Parksville councillor looking to get fire departments paid for medical calls

Parksville councillor looking to get fire departments paid for medical calls
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Parksville councillor Sean Wood brought forward a motion this week that aims to compensate fire departments for answering medical calls.

The three-page motion was unanimously endorsed by Parksville councillors during a Jan. 15 meeting. The motion would establish a remuneration system for BC fire departments that provide services under the Emergency Medical Assistant First Responder program.

Currently, there is no remuneration policy under the BC Emergency Health Services (BCEHS) system.

“We find that fire departments across the province [are] picking up slack for medical calls, and here in Parksville, that increase from our fire chief is 25.35 per cent of the total call volume in 2023,” said Wood in an interview with CHEK News.

Wood adds that fire departments are not mandated to pick up medical calls, but he understands that medical departments often require help.

“Obviously, I don’t blame the men and women who drive the ambulances, I think they need more staff and a better system to keep up their calls,” said Wood.

A rise in homelessness, the drug crisis, high proportion of seniors, and weather-related emergencies are cited as reasons for a higher demand in medical service in his motion.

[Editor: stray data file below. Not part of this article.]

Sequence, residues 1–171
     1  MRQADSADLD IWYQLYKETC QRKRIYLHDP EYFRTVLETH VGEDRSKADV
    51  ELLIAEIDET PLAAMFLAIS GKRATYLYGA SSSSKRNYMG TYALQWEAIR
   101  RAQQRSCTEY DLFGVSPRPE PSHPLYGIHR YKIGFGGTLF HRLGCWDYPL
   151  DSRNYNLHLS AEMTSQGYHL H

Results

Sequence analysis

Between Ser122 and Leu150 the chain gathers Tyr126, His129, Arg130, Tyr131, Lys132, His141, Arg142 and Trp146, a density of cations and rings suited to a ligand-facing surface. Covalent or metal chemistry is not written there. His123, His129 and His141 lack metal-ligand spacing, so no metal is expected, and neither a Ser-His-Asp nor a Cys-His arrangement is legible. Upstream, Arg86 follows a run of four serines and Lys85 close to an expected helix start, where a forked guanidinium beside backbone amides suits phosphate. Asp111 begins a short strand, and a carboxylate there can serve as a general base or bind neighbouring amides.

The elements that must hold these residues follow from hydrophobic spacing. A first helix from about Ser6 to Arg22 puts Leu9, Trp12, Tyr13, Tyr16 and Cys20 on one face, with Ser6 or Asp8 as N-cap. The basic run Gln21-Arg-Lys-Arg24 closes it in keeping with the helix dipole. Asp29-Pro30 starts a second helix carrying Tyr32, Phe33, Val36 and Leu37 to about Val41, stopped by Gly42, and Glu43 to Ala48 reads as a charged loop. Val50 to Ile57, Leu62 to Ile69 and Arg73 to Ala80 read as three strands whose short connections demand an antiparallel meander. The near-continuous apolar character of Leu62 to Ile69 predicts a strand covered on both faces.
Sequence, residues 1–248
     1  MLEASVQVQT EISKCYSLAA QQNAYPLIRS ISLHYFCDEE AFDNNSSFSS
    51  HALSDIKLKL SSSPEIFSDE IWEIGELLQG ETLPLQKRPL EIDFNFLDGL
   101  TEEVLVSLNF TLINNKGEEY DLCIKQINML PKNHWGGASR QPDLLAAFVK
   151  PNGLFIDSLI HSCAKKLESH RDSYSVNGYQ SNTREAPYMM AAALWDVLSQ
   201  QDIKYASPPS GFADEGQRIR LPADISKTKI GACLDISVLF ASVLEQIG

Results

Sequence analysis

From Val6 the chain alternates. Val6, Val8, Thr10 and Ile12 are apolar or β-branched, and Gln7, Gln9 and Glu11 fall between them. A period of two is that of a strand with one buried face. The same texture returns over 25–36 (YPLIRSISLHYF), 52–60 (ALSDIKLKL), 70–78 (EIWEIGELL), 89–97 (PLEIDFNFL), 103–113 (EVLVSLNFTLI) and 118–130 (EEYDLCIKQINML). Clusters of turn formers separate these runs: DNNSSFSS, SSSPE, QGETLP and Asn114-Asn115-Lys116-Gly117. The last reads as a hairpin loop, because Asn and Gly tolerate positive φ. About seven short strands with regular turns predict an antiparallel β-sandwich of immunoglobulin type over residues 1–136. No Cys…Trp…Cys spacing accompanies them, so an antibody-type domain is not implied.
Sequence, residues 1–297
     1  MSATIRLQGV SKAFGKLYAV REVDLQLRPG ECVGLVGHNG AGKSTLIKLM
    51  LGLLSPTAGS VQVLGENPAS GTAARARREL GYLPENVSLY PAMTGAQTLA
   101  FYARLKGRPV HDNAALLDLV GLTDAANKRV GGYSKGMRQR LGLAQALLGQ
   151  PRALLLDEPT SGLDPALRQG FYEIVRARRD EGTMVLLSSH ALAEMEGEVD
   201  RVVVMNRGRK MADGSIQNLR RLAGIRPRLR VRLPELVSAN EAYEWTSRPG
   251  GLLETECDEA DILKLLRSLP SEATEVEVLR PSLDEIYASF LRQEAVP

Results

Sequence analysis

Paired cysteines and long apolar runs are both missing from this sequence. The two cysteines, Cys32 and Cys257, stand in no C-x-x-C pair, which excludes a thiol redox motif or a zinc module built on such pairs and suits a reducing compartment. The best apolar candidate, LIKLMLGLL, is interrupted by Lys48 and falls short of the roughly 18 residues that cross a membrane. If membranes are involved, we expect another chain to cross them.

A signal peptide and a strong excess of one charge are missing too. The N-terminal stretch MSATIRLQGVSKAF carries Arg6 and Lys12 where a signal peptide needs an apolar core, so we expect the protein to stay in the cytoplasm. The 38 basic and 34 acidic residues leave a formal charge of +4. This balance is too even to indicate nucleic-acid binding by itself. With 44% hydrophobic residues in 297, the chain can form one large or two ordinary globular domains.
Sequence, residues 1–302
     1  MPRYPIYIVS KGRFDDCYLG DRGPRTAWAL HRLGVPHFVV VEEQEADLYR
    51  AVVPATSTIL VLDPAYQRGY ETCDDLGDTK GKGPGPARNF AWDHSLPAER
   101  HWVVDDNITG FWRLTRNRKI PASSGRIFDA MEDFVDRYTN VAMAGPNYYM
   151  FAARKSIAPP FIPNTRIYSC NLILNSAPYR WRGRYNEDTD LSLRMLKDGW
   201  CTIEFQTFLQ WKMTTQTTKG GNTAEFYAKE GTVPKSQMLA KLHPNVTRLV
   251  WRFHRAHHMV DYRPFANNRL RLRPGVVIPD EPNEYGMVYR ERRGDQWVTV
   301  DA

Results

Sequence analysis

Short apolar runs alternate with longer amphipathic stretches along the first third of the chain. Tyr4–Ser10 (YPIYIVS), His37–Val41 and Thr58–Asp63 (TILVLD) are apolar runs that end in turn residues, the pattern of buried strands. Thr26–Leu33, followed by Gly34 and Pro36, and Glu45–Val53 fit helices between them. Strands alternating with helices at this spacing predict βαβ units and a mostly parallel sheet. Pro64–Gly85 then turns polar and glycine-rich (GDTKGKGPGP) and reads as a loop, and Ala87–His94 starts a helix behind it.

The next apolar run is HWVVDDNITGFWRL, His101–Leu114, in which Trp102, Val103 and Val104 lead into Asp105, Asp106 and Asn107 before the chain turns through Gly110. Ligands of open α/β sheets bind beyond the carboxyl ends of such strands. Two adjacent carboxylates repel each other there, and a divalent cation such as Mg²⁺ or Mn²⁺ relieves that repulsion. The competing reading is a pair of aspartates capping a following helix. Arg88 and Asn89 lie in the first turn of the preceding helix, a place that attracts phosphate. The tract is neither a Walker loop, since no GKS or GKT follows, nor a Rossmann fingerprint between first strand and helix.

The details are yet to be decided, but Wood says fire departments would ideally be compensated based on the percentage of medical calls taken by personnel each year.

“Those stats would just be translated somehow into a number that would probably be set from the province and compensated back to the municipal government and would be going into the fire department budgets,” he said.

Wood, who was a volunteer firefighter at Parksville for five years, says he saw the need for better funding for fire departments.

“Because municipal governments depend on volunteers to show up to deliver the services… a lot of governments still rely on volunteer or paid on-call men and women to do the job,” said the councillor.

The motion would help pay for basic life support supplies, oxygen masks, PPE, and other medical items.

Similar resolutions had been brought up to the Union of BC Municipalities in 2023, which were endorsed.

Wood says he plans to bring the resolution forward to the Regional District of Nanaimo for approval on Jan. 23 and will also submit it to the Association of Vancouver Island and Coastal Communities (AVICC) for consideration at the 2024 AVICC convention.

AVICC previously endorsed a motion last year to improve funding and staffing levels at BCEHS so that local governments aren’t overburdened.

“Resolutions are just one kind of tool that we can use to advocate to the province,” said Wood.

Oli HerreraOli Herrera

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